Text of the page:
We’re teaming with our friends at Original Soundtracks to focus on another landmark movie score album, this time from the Quentin Tarantino collection. The ‘Pulp Fiction’ soundtrack was the perfect marriage with the smash hit movie of 1994. Unusually, no score music was commissioned for Tarantino’s film, so the album stood as a celebration of the stirring collection of pop, rock, surf music, country, soul and rock ‘n’ roll that was such a key part of the picture’s success.
The MCA album featured a fascinating cross-section of well-known hits, obscure revivals and remakes, combined in a package that was so popular, it sparked a new surf music craze, helped launch the career of Urge Overkill, brought Dick Dale, Kool & the Gang, Dusty Springfield and others to a new generation, and even led to a two-CD collector’s edition in 2002.
Dick Dale’s ‘Misirlou,’ with his group the Del-Tones, became the opening music for the movie and the album, making the American surf guitar king cooler than he’d been for decades. British instrumental favourites the Tornadoes’ ‘Bustin’ Surfboards’ and 1960s American surf group the Lively Ones’ ‘Surf Rider’ kept that flavour going, and the rock ‘n’ roll element was further enhanced by Ricky Nelson’s 1958 US top ten hit ‘Lonesome Town’ and Chuck Berry’s ‘You Never Can Tell.’
Chicago alternative rock band Urge Overkill were given a huge boost by the inclusion of their cover of one of Neil Diamond’s first hits, the 1967 American top tenner ‘Girl, You’ll Be A Woman Soon.’ Springfield’s much-admired and soulful ‘Son of a Preacher Man,’ from her classic 1968 album ‘Dusty In Memphis,’ was accompanied on the album by another much-travelled soul standard, Al Green’s ‘Let’s Stay Together.’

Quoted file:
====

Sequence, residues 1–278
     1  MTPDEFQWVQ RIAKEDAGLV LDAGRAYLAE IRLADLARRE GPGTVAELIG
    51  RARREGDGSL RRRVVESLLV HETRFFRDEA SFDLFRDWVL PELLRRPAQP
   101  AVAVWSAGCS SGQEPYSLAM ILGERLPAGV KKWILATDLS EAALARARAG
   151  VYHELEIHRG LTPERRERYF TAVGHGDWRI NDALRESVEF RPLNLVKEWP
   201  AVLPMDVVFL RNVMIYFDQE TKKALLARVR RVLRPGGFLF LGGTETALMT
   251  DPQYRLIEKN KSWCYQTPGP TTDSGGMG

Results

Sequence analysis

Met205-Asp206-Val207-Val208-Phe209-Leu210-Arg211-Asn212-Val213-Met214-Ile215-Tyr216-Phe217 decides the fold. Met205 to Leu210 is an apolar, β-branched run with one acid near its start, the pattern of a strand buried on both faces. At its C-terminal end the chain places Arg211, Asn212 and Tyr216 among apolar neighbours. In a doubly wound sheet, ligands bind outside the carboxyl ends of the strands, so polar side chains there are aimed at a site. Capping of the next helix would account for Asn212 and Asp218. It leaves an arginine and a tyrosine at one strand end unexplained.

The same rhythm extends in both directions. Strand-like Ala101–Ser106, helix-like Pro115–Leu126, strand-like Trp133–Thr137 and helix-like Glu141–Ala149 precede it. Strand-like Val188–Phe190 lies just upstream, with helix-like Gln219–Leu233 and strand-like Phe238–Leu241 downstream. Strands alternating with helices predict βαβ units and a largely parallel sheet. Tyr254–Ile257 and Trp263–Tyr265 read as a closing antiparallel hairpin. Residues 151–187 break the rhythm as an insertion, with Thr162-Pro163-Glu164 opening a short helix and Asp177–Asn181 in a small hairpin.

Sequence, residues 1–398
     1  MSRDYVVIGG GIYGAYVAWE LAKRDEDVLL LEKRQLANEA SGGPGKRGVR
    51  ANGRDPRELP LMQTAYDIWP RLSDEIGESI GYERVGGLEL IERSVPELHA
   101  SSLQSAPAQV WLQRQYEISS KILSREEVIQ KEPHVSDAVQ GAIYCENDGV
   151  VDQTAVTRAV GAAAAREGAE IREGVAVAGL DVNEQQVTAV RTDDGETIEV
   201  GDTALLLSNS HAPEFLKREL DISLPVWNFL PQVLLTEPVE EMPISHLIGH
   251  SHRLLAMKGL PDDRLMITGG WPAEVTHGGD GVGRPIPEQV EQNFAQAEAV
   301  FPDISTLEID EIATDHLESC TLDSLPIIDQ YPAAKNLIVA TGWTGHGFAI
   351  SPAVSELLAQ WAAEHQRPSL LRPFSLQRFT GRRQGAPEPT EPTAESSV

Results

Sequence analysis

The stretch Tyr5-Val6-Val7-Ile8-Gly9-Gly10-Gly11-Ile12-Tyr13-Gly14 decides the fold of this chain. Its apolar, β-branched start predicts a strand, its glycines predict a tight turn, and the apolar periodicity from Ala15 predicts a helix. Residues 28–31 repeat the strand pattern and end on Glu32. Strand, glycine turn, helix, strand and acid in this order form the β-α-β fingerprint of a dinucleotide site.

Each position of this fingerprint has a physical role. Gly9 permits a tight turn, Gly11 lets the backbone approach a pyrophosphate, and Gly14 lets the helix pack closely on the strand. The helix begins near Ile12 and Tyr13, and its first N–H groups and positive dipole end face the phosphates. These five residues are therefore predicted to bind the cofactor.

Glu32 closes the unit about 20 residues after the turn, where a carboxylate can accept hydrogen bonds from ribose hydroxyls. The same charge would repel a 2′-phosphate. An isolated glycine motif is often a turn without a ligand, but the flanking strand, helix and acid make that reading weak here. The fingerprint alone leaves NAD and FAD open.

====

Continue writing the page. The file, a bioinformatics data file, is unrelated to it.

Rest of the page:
Kool & the Gang, who had much earlier reaped the benefits of having their ‘Open Sesame’ on the multi-million-selling ‘Saturday Night Fever’ soundtrack of 1977, enjoyed another upswing as their first big crossover pop hit of late 1973, ‘Jungle Boogie,’ also became part of ‘Pulp Fiction.’
Former Lone Justice frontwoman Maria McKee contributed her own composition ‘If Love Is A Red Dress (Hang Me In Rags),’ and another of the most striking inclusions was ‘Flowers On The Wall,’ a No. 2 country success in 1966 for the long-running Staunton, Virginia group the Statler Brothers.
The ‘Pulp Fiction’ soundtrack reached No. 21 on the Billboard album chart and went on to estimated sales of more than two million in America alone.
Read more about the ‘Pulp Fiction’ soundtrack at the Original Soundtracks Facebook Page
Listen to selected tracks from the ‘Pulp Fiction’ Collector’s Edition on Spotify
Download the album from iTunes, or buy it on Amazon
Visit the Original Soundtracks Google Play page here